- Jeremy Lynch
Small and Slow Solutions: IPC India 2017
Updated: Dec 20, 2019
Small and Slow Solutions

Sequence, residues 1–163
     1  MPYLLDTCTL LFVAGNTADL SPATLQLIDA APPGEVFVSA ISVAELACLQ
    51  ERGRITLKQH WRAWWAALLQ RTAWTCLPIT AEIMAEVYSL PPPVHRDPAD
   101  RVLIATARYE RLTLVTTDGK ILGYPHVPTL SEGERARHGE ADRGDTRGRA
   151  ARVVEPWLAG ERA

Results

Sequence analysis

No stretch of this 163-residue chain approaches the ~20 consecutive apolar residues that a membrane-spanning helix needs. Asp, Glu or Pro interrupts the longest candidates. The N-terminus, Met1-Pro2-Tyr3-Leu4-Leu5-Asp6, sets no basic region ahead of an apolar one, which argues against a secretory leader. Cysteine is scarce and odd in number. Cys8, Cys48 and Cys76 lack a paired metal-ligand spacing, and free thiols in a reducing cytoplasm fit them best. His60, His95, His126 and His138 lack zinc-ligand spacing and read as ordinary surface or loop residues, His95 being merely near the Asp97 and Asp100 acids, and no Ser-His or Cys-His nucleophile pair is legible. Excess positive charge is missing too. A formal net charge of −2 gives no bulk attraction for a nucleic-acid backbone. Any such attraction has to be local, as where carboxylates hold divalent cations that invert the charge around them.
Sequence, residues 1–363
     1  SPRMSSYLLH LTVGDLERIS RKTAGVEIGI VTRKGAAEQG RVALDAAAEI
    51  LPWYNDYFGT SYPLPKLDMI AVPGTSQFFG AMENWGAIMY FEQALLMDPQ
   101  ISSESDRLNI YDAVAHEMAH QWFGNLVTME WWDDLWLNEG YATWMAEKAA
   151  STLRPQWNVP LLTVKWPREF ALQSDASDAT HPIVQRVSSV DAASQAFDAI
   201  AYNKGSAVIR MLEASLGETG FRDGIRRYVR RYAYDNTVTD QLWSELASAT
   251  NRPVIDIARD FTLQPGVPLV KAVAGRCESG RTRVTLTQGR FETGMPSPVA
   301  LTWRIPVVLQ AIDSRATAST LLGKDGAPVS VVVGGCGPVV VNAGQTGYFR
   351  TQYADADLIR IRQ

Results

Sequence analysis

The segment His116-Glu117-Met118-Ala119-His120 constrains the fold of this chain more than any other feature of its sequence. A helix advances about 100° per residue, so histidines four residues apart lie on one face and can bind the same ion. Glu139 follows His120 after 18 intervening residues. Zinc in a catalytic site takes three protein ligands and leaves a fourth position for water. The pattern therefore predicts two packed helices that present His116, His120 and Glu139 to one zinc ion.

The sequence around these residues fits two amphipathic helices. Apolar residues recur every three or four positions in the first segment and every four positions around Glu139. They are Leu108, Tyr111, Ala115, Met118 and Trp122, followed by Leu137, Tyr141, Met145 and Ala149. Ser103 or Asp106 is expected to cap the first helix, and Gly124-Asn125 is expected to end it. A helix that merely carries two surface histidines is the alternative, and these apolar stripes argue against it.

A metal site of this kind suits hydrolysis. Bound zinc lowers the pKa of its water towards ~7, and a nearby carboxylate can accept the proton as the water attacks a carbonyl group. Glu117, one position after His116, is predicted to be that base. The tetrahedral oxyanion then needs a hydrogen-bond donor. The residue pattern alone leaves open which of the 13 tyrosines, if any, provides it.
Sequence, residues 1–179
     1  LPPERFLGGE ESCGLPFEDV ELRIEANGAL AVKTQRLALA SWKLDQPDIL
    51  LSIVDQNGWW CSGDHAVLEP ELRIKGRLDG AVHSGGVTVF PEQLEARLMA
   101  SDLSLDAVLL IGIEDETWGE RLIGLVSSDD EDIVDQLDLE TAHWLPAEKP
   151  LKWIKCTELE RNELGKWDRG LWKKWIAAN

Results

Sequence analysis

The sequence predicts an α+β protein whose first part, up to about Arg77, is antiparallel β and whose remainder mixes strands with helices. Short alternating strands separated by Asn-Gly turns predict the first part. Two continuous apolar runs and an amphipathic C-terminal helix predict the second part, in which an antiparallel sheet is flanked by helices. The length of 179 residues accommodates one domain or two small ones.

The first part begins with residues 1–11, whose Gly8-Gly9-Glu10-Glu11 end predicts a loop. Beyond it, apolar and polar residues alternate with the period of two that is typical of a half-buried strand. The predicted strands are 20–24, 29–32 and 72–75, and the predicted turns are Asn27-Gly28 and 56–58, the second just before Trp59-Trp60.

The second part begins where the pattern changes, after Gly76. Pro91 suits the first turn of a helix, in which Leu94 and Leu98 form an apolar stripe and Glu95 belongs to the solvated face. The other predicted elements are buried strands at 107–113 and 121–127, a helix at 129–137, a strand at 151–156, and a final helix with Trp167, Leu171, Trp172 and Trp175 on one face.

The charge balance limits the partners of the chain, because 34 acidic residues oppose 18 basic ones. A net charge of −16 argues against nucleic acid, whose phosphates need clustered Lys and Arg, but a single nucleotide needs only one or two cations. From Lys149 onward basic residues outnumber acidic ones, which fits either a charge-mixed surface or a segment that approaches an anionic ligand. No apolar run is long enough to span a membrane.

Waking in the early hours of the morning, the music of rural India pocks the morning soundscape: a chorus of warbling birds from the tall grasses of a nearby lake; the crackle of a wood fire heating metal buckets of water for morning baths; and the splash of that warm water scooped from a bucket, poured over the body, and then crashing down upon the concrete slab floor of a bamboo-sheeted outdoor shower. The press of cold nights and hot days carries the day's emergent theme: permaculture's relationship to societal institutions. The morning begins via Skype with David Holmgren. From his home office in Hepburn Springs, Victoria, Australia, David presents perspectives from his forthcoming book Retro Suburbia: The Downshifter's Guide To A Resilient Future. The premise of his talk is: "Creating the World We Want In An Era of Failing Activism." David's argument begins with this eponymous statement—a loaded assessment of the past few decades of the "diminishing returns" of social and environmental activism. Asserting a need to "use the capacity of global networks to assist bottom-up movements and strategies," David emphasizes the limitations of "shouting louder from a position of weakness," which he presents as the current and longstanding trend in activism. Comparing this to permaculture solutions that "build a degree of autonomy," he emphasizes that "when we do these things [regenerative designs and behaviors], we are effectively engaging in a systemic strike." This so-called strike is an effort both to assert a baseline ethic and valuation on the small scale, and to undermine the stronghold of corporate influence over a consumption-driven society. Systemic striking, or stepping out of consumerism and removing our skills and talents from an undesirable system, offers emulatable strategies for everyday living that emphasize an ethic and culture poised to appeal beyond the strike's initiators: the global middle class. "If successful and relevant to other people," David says, "the capacity to replicate [leads to] a learning cycle" that fosters an adaptive process allowing for continuity and effectiveness through new and differentiated conditions—economic and otherwise.